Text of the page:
4.2.6: Hopfield Network  Wolfram: "Hopfield Network"  Read this section, which presents the Hopfield network and the equations that describe it. 
4.3.1: Kernel Methods  Wikipedia: "Kernel Methods"  Read this article to review Kernel methods. 
4.3.2: knearest Neighbor Algorithm  Wikipedia: "knearest Neighbor Algorithm"  Make sure you know how the knearest neighbor algorithm works (in principle) after reading this entry. 
4.3.3: Mixture Model  Wikipedia: "Mixture Model"  Read this article to learn about the different types of Mixture Models. 
4.3.4: Naive Bayes Classifier  Wikipedia: "Naive Bayes Classifier"  Read this article and make sure you know the definition of the naive Bayes classifier. 
4.3.5: Decision Tree  Wikipedia: "Decision Tree"  Read this article. You should be able to define the term "decision tree" when you are done. 
4.3.6: Kernels and Gaussian Processes  Mark Girolami's "Kernels and Gaussian Processes: Parts 13"  Watch the first video about machine learning and compare it to what you have learned already. After watching this video, you should the basics of linear regression, loss function, prediction techniques. Study nonlinear models, probabilistic regression, and uncertainty estimation. Then, watch the second video lecture to learn about Bayesian regression and classification. Finally, watch the last lecture to learn about Gaussian processes, regression, and classification. 
4.4: Machine Learning Coding Drills  "TicTacToe Demo"  Code an agent that plays the TicTacToe game. You can choose to play the game yourself by selecting board positions or have the Agent propose moves. This link shows one possible solution. Work towards a solution for no more than 10 hours and then check your work against the solution code. 
Unit 5: Philosophical Foundations of AI  Unit 5 Learning Outcomes  
5.1.1: Philosophical Issues and Turing Test  John Lloyd's "Intelligent Agents"  Watch the third part of this lecture series and compare his interpretation of the Turing test with what you learn later in this unit.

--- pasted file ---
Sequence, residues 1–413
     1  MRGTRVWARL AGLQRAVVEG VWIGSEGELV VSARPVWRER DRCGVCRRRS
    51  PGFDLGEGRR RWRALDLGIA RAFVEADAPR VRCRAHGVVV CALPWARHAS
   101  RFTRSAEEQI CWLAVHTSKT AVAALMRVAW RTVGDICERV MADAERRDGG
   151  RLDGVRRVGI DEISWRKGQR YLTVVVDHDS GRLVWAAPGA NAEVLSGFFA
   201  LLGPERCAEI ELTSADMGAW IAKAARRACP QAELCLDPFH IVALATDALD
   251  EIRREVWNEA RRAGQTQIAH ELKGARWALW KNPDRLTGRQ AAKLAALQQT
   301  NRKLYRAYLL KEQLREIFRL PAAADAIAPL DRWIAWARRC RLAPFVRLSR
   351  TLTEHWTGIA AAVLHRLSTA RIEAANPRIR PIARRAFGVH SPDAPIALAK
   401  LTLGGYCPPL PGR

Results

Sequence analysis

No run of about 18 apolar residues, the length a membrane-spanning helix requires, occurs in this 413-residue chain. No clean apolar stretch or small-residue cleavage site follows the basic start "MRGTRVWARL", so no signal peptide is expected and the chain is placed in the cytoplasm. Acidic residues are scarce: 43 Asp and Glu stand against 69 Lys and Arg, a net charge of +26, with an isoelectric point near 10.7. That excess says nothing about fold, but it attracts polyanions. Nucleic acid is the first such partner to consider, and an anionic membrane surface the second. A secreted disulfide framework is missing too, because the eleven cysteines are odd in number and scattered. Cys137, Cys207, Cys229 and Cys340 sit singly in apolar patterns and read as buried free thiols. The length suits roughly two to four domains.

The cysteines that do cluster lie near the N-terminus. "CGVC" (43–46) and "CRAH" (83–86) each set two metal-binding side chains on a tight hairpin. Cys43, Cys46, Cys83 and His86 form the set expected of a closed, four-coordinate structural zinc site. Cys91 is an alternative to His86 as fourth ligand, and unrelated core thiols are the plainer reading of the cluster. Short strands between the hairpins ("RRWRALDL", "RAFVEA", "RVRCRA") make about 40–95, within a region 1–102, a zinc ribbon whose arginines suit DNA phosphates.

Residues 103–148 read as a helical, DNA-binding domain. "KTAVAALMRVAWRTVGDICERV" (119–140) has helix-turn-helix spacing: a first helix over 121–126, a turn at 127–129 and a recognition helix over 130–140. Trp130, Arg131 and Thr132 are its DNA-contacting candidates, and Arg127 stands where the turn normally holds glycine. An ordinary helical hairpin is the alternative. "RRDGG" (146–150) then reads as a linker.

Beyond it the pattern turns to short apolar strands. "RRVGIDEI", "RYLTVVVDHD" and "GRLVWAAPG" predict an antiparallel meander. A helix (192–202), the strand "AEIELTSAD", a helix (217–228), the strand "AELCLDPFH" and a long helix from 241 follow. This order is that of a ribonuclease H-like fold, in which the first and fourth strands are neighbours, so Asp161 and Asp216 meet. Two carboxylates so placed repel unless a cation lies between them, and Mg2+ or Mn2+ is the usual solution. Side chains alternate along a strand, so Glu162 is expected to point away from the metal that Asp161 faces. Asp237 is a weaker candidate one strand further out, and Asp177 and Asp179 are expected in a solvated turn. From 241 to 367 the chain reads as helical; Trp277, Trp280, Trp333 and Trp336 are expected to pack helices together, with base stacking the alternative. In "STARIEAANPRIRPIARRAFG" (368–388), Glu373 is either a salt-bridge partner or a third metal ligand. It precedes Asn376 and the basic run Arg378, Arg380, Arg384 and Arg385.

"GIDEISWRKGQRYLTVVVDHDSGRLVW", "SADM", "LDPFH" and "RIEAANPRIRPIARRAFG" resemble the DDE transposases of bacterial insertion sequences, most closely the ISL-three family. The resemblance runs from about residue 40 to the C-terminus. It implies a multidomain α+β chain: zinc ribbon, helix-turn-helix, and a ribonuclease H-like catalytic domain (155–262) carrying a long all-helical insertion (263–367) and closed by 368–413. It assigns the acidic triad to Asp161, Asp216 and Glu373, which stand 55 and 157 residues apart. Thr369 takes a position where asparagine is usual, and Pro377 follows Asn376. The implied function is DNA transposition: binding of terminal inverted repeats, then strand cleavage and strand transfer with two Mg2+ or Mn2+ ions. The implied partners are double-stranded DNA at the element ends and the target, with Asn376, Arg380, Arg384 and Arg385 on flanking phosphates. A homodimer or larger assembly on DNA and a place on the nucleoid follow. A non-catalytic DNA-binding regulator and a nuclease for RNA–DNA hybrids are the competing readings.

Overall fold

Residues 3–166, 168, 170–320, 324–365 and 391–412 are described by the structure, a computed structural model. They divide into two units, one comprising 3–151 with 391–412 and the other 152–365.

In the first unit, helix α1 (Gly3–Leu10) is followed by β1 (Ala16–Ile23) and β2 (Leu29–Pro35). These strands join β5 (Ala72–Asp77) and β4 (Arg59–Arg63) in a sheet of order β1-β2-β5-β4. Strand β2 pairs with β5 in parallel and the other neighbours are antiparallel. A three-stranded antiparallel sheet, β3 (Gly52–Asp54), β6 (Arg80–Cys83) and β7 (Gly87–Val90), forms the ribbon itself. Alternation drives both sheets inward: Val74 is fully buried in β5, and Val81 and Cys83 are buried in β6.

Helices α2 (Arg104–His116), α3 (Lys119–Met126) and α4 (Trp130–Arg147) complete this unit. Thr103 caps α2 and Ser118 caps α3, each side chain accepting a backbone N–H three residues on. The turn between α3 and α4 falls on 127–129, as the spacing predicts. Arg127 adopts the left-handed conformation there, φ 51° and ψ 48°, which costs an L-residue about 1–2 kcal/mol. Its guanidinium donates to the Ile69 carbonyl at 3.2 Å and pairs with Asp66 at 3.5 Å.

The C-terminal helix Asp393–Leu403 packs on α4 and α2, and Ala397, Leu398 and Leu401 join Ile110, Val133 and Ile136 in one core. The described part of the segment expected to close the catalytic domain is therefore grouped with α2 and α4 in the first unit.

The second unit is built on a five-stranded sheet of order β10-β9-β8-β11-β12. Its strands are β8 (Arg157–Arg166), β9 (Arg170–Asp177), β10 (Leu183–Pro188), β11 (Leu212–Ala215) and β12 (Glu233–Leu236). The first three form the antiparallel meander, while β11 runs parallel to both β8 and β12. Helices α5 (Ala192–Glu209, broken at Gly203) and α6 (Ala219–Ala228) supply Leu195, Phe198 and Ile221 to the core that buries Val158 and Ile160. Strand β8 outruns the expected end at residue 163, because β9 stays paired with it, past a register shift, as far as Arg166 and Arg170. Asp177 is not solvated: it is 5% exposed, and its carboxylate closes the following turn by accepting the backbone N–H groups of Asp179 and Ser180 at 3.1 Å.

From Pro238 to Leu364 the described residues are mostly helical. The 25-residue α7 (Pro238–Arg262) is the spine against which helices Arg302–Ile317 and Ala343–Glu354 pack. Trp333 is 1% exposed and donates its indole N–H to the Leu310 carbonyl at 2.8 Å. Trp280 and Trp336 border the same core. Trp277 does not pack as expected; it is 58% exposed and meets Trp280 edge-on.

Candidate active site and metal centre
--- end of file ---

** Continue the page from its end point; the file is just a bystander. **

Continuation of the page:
5.1.2: Computing Machinery and Intelligence  A. M. Turing's "Computing Machinery and Intelligence"  Read this paper by A. M. Turing, a cornerstone in the field of A.I. studies. 
5.1.3: Turing Machine  Paul M.B. Vitanyi's "Turing Machine"  This article is fairly challenging; read through it to the best of your abilities for a detailed description of the Turing Machine. After you have read this article, you should know how to define Turing machine and summarize the ChurchTuring theses. Make sure you know what the Halting problem is. 
5.1.4: Computability and Incompleteness  Errol Martin's "Computability and Incompleteness"  These videos cover challenging topics mentioned earlier in this unit. Watch the first lecture to learn about Hilbert's consistency program, Godels incompleteness theorem, attributes of computable functions, Church's thesis, and three approaches to computability, paying particular attention to the examples. In the second video, will learn about the Halting problem, universal Turing machine, and the undecidability proof. 
5.2: Important Propositions in the Philosophy of AI  Wikipedia: "Artificial Brain"  Read this article. 
Wikipedia: "Physical Symbol System"  Read this article. 

5.3: Machine Consciousness  Igor Aleksander's "Machine Consciousness"  Read this article, which discusses machine consciousness. Focus on learning about early models of consciousness and neural models of consciousness. 
Massachusetts Institute of Technology: Marvin Minsky's "Emotion Machine"  Watch this lecture about emotional machines. Ask yourself whether you think one is possible and begin to think about how you would approach its creation.